authorizing heads of ministries, offices, agencies and commissions
of the national government to revise the rates of fees and charges
Court denies the petition
Prohibition is not the proper remedy. The enabling law itself
which is BP 325 has specifically tasked the cabinet to review
and approve any proposed revisions of rates of fees and
charges.
Petitioners should have availed of this easy and accessible
remedy instead of immediately resorting to the judicial
process
ADMIN - JAIME C. LOPEZ, petitioner, vs. CITY OF MANILA and within the administrative machinery, this should be resorted to before resort
HON. BENJAMIN A.G. VEGA, Presiding Judge, RTC can be made to the courts, not only to give the administrative agency the
opportunity to decide the matter by itself correctly, but also to prevent
Lopez v. City of Manila (GR No. 127139; Feb. 19, 1999) unnecessary and premature resort to courts.
FACTS: One of the reasons for the doctrine of exhaustion is the separation of
powers which enjoins upon the judiciary a becoming policy of non-
Section 219 of Republic Act 7160 (R.A. 7160) or the Local Government interference with matters coming primarily within the competence of other
Code of 1991 requires the conduct of the general revision of real property. department. x x x
The revision of real property assessments prescribed therein was not yet There are however a number of instances when the doctrine may be
enforced in the City of Manila. Upon receipt of Memorandum Circular No. dispensed with and judicial action validly resorted to immediately. Among
04-95 from the Bureau of Local Government Finance relating to the failure these exceptional cases are: (1) when the question raised is purely legal,
of most of the cities and municipalities of Metropolitan Manila, including the
(2) when the administrative body is in estoppel; (3) when the act
City of Manila, to conduct the general revision of real property and aftercomplained of is patently illegal; (4) when there is urgent need for judicial
obtaining the necessary funds from the City Council, the City Assessor intervention; (5) when the claim involved is small; (6) when irreparable
began the process of general revision based on the updated fair market damage will be suffered; (7) when there is no other plain, speedy and
values of the real properties. adequate remedy; (8) when strong public interest is involved; (9) when the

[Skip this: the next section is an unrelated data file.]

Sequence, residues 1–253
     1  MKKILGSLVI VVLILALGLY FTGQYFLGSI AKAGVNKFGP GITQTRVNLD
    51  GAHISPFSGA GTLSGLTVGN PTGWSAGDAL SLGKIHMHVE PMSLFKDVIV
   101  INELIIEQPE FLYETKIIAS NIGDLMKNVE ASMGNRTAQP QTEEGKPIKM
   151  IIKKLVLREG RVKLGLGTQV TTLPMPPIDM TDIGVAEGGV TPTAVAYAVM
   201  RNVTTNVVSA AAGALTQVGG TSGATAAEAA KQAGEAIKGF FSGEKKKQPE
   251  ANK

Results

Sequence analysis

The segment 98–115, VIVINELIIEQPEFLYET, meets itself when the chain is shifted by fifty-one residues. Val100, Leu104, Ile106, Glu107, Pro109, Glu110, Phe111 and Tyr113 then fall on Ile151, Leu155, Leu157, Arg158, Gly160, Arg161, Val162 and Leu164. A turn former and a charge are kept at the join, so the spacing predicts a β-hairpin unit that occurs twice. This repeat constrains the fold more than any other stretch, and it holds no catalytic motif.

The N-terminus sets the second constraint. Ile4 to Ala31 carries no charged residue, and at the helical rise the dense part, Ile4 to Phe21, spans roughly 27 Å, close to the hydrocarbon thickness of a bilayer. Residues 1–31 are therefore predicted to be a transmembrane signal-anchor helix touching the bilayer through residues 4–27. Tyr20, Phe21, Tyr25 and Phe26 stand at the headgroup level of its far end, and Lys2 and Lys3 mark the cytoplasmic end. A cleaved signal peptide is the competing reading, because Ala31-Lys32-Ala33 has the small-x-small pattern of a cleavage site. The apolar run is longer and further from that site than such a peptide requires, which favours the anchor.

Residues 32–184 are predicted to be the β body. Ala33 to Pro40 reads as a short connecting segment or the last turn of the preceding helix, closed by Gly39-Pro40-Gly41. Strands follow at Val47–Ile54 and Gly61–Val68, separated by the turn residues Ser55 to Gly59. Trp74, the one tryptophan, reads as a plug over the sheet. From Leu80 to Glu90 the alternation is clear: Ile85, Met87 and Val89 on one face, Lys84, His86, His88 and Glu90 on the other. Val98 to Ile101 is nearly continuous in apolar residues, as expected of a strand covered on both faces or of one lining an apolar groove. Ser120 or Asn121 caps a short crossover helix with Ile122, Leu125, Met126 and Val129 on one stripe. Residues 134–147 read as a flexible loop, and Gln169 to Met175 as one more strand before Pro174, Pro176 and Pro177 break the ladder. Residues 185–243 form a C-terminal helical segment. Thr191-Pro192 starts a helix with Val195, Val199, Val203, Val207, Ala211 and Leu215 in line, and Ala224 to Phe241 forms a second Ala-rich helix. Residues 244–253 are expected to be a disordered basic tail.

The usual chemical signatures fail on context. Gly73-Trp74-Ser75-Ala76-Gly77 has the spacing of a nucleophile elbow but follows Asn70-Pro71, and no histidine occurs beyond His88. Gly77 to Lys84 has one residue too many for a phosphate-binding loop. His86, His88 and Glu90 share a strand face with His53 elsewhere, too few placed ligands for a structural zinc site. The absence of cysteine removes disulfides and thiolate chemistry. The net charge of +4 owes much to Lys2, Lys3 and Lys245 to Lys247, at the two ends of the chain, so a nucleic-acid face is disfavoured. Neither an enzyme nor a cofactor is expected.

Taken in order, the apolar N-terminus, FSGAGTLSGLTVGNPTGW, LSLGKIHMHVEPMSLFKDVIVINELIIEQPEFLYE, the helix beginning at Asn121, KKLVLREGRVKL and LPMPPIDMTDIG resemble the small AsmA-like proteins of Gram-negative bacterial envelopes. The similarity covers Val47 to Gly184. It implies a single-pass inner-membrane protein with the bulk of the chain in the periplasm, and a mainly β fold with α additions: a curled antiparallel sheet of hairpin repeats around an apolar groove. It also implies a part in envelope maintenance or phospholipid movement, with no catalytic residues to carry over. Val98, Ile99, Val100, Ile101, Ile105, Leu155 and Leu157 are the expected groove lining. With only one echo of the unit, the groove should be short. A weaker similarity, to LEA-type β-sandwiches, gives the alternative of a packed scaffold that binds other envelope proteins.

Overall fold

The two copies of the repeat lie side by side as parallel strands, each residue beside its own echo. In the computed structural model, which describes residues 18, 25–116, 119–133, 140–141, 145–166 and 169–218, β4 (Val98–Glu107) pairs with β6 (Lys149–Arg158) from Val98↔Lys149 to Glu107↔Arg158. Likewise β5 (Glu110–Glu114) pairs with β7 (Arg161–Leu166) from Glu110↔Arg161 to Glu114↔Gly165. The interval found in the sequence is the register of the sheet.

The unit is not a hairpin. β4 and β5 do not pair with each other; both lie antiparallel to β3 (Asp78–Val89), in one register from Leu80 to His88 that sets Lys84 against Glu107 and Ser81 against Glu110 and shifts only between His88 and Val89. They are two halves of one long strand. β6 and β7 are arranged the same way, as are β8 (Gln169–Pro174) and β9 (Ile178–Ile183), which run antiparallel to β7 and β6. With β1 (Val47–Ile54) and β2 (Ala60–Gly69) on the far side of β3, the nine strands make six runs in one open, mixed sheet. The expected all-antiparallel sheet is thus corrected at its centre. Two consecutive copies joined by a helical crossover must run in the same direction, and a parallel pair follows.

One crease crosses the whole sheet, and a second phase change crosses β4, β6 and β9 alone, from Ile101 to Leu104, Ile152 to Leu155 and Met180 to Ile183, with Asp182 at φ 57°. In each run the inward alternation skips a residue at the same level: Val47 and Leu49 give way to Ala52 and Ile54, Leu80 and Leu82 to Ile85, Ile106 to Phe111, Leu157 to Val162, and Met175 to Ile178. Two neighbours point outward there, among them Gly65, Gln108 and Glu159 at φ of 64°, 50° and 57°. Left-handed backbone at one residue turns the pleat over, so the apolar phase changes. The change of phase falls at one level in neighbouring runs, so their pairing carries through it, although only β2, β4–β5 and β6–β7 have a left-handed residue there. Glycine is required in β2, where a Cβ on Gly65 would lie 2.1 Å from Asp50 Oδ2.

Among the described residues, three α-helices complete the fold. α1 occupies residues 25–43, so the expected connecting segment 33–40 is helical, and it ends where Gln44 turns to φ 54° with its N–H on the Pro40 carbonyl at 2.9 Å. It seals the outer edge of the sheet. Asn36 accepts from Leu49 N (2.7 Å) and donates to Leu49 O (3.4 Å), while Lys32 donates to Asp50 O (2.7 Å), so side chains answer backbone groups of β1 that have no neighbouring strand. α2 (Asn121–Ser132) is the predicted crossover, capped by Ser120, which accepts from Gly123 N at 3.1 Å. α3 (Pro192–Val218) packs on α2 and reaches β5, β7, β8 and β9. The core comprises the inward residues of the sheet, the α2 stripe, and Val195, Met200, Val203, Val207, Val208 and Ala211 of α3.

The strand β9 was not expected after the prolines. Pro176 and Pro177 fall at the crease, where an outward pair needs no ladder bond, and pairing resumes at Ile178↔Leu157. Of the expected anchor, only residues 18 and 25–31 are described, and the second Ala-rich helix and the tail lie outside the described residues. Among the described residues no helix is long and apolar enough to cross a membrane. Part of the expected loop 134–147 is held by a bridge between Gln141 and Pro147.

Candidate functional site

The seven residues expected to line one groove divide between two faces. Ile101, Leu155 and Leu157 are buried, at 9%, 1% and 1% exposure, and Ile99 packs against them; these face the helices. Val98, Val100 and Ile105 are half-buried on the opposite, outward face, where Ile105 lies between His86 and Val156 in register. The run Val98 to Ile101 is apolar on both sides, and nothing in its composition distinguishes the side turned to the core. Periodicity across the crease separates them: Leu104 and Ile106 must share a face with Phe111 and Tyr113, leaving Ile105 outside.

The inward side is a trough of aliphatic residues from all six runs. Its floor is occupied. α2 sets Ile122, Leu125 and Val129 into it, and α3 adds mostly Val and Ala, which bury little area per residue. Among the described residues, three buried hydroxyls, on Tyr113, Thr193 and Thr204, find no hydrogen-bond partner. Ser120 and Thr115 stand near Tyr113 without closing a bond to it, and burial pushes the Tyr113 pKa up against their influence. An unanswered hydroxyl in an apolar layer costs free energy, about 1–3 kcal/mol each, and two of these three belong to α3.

The City Assessors Office submitted the proposed schedule of fair market subject of controversy is private land; and (10) in quo-warranto proceeding
values to the City Council for its appropriate action. The council then (citation omitted).
enacted Manila Ordinance No. 7894 which was approved. With the In the courts opinion, however, the instant petition does not fall within any
implementation of the ordinance, the tax on the land owned by the of the exceptions above-mentioned.
petitioner was increase hence he filed a special proceeding for the
declaration of nullity of the City of Manila Ordinance No. 7894 for being
unjust, excessive, oppressive or confiscatory.
Manila Ordinance No. 7905 took effect thereafter, reducing by fifty percent
(50%) the assessment levels (depending on the use of property, e.g.,
residential, commercial) for the computation of tax due. The new
ordinance amended the assessment levels provided by Section
74, paragraph (A) of Manila Ordinance No. 7794..
Despite the amendment brought about by Manila Ordinance No. 7905, the
controversy proceeded.
The trial court dismissed the case for failure of the petitioner to exhaust
administrative remedies.
ISSUE: W/N the doctrine of exhaustion of administrative remedies may be
dispensed with in the instant case
HELD: NO. As a general rule, where the law provides for the remedies
against the action of an administrative board, body, or officer, relief to
courts can be sought only after exhausting all remedies provided. The